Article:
BEREA - Every year the NFL draft shows why it's an inexact science.
In this year's draft the Browns, afraid of not getting Alabama running back Trent Richardson with the fourth overall pick, traded up one spot to make sure they got their man. The Washington Redskins waited until the sixth round to select running Florida Atlantic running back Alfred Morris.
Based on 13 games you'd have to say that the Redskins are getting more bang for their buck. Morris has fit into coach Mike Shanahan's zone-blocking running scheme like a glove. He has 1,228 yards and seven touchdowns on 253 carries.
Richardson hasn't found the going as easy. He has 869 yards and nine touchdowns on 247 carries.
There's long been a belief that talented running backs can be found in every round of the draft. Unless a team thinks it has the next Jim Brown in its hands, the thinking is to not use a high pick on a running back.
That philosophy is more striking in the case of Richardson and Morris because of their backgrounds. Both played high school football in Pensacola, Fla., which has become a hotbed for developing future college and NFL stars. Richardson was highly recruited and could have named his college destination, while Morris stayed close to home and played at a non-traditional power.
Morris doesn't take any extra pride in having registered better statistics than Richardson.
"I really don't think about it," Morris said. "I'm just happy that he's doing well and I'm doing well. Just to make it this far and coming from where we came from is an accomplishment in itself."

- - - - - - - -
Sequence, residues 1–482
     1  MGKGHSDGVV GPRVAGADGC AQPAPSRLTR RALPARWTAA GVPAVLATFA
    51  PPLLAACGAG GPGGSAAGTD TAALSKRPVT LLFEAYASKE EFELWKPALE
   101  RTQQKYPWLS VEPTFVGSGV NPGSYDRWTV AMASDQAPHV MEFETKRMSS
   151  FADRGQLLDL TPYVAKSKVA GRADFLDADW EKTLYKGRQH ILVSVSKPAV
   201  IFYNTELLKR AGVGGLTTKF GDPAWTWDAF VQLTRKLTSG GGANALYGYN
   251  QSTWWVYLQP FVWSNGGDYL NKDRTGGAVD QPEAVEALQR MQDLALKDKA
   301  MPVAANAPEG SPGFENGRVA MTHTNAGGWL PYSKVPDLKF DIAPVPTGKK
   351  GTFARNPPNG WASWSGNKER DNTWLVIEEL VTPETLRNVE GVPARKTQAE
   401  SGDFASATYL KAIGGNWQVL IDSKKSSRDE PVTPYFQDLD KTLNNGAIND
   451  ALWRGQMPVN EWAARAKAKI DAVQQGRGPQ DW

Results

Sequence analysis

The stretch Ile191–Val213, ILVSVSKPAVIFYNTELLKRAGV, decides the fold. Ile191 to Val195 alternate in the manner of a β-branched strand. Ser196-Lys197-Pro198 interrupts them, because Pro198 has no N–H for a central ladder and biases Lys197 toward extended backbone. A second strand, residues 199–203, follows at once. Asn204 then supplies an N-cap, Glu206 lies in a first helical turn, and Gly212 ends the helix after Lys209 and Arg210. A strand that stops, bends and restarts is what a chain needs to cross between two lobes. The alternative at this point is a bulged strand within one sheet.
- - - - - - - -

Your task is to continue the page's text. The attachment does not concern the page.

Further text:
A week doesn't go by that Richardson isn't asked about his lack of production, which can be seen in his average per carry of 3.5 yards. Morris is averaging 4.9 yards per carry.
Richardson said for the first time this week that a rib injury he suffered in week two is "critical." He added that some teammates are surprised he's still able to play.
There are no signs of jealousy towards Morris' accomplishments by Richardson.
"It doesn't bother me," Richardson said of not having numbers similar to Morris. "We're in different situations and different leagues. Teams are going to have better stats than other teams because that's the league.
"I'm not the rookie that has the most yards; okay they (the Redskins) are having a better year. That's fine," Richardson said. "I think I'm doing pretty well myself. I'm not saying I'm satisfied. I know I can do better. I'm not hanging on to anybody's yardage. I don't care what they do. I want to win."
Ironically, Morris and his younger brother Shawn were thorns in Richardson's side during his high school career. The Morris brothers played at Pine Forest High School, and Richardson attended Escambia High School.
"That school right there (Pine Forest) is the reason why I never made the playoffs," Richardson said. "He was the reason why I never made the playoffs, and then his little brother was the next reason."
In fairness to Richardson, Alfred benefits from having a quarterback (Robert Griffin III) that sets him up for success with his ability to confuse defenses in the option game. Alfred is also helped by playing in Shanahan's running back-friendly offense.
"The system that he runs, anybody can come in and be successful," Alfred said. "At the same time he does a great job of finding backs that fit in perfectly, the one-cut type of back."
Tomorrow at Browns Stadium, Richardson will get a chance to show that the Browns made the right choice in selecting him.